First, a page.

Peter Dreier, Huffington Post A few months ago, Sid Blumenthal, a former Clinton White House aide who is now a top advisor to Hillary Clinton's campaign, circulated a scurulous article, "Obama's Communist Mentor," taken from an extreme right-wing group. It turns out that this was hardly an exception. Blumenthal, who has been widely credited with coining the term "vast right-wing conspiracy" used by Hillary Clinton in 1998 to describe the alliance of conservative media, think tanks, and political operatives that sought to destroy the Clinton White House, is now exploiting that same right-wing network to attack and discredit Barack Obama. And he's not hesitating to use the same sort of guilt-by-association tactics that have been the hallmark of the political right dating back to the McCarthy era. Blumenthal regularly dispatches emails to a list of opinion shapers, including journalists, former Clinton administration officials, academics, policy entrepreneurs, and think tankers -- an obvious effort to create an echo chamber that will reverberate among talk shows, columnists, and Democratic Party funders and activists.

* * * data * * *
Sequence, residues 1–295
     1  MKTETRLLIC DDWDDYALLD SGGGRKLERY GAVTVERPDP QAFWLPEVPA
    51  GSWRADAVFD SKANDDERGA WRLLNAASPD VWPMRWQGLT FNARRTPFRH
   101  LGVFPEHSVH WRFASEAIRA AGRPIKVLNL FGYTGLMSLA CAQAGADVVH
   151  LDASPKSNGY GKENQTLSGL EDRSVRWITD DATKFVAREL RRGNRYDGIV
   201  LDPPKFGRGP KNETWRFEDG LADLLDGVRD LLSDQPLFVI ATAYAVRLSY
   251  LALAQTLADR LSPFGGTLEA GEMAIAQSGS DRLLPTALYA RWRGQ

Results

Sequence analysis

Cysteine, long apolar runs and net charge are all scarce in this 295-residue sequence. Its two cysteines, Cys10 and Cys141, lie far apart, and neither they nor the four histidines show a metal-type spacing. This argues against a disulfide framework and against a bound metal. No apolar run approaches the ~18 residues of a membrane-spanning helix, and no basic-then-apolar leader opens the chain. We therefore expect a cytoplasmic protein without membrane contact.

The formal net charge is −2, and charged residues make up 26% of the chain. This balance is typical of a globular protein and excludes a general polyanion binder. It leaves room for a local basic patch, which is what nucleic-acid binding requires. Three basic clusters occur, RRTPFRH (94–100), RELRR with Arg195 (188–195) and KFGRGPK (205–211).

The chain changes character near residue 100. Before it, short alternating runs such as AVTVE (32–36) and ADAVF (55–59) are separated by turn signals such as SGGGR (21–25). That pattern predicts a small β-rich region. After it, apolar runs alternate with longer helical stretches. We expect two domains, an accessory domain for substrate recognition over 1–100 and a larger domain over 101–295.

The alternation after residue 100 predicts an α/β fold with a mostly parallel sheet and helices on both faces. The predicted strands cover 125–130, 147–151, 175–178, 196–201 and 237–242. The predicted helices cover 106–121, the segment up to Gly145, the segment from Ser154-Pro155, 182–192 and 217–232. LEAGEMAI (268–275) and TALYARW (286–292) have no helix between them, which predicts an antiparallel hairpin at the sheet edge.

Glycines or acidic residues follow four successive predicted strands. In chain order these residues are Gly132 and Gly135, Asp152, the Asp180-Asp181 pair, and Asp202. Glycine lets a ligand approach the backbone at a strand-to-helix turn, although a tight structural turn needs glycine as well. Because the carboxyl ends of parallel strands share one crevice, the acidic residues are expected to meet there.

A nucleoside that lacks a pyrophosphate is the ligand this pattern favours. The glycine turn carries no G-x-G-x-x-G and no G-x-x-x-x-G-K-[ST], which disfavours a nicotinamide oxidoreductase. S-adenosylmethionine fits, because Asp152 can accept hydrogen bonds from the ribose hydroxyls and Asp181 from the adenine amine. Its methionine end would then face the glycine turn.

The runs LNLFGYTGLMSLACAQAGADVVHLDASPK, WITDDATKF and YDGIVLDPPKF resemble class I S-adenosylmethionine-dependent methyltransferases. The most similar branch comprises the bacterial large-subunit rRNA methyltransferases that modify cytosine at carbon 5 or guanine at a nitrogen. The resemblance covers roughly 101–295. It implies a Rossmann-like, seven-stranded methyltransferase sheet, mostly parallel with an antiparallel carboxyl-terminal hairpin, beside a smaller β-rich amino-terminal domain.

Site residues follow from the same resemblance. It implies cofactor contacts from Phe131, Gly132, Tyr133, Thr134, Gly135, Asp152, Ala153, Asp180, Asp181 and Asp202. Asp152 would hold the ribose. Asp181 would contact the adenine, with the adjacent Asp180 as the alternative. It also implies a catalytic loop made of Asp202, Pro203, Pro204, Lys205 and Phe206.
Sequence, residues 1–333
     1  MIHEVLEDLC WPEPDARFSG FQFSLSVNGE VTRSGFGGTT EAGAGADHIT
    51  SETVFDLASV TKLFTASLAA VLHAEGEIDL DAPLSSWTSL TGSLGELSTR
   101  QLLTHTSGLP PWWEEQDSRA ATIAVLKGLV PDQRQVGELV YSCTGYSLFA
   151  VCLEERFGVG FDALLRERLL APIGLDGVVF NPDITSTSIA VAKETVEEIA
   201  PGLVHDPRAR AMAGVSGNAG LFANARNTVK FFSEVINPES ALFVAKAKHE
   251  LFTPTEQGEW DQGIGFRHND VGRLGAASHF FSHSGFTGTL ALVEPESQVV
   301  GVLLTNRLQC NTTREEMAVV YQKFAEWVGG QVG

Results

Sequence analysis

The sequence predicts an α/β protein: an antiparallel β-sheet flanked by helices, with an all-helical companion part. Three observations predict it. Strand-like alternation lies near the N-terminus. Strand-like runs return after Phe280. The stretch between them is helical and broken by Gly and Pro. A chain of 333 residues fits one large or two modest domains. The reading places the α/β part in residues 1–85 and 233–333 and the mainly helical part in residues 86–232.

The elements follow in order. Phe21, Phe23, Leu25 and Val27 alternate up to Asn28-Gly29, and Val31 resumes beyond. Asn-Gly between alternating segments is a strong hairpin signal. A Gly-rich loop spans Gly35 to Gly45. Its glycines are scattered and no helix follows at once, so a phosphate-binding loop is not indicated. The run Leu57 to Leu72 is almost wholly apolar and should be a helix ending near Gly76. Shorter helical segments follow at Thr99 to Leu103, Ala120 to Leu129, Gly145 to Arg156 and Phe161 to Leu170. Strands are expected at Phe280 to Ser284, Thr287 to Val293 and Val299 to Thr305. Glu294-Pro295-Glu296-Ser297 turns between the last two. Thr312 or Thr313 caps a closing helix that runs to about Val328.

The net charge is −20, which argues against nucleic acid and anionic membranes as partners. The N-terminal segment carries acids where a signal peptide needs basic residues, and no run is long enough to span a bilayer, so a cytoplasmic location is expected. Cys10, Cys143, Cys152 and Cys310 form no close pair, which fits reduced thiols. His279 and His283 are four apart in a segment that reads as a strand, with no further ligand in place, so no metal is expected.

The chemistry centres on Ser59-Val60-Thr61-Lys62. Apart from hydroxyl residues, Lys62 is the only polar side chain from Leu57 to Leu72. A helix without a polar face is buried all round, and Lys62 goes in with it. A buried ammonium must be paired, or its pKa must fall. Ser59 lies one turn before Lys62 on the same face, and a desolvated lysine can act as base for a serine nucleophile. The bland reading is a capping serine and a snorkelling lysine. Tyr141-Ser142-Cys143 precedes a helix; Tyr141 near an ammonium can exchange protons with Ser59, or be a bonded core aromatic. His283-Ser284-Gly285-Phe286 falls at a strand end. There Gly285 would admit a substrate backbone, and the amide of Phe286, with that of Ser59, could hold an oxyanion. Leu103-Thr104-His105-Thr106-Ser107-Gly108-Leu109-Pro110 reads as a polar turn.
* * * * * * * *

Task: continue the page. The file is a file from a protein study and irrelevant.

Just hours before the Indiana and North Carolina presidential primaries, ABC News has offered to air a 'town hall' meeting with Hillary Clinton -- to be hosted by former Clinton staffer George Stephanopoulos.. . . It is not clear if ABCNEWS will inform viewers of Stephanopoulos's past employment. Stephanopoulos helped run Mr. Clinton's first presidential election campaign and acted as his press secretary and advisor on policy and strategy before joining ABC News. . . The network hit controversy last month over the decision to allow Bill Clinton's former press secretary to moderate a debate between Hillary Clinton and Barack Obama -- without any disclaimer. - Drudge Report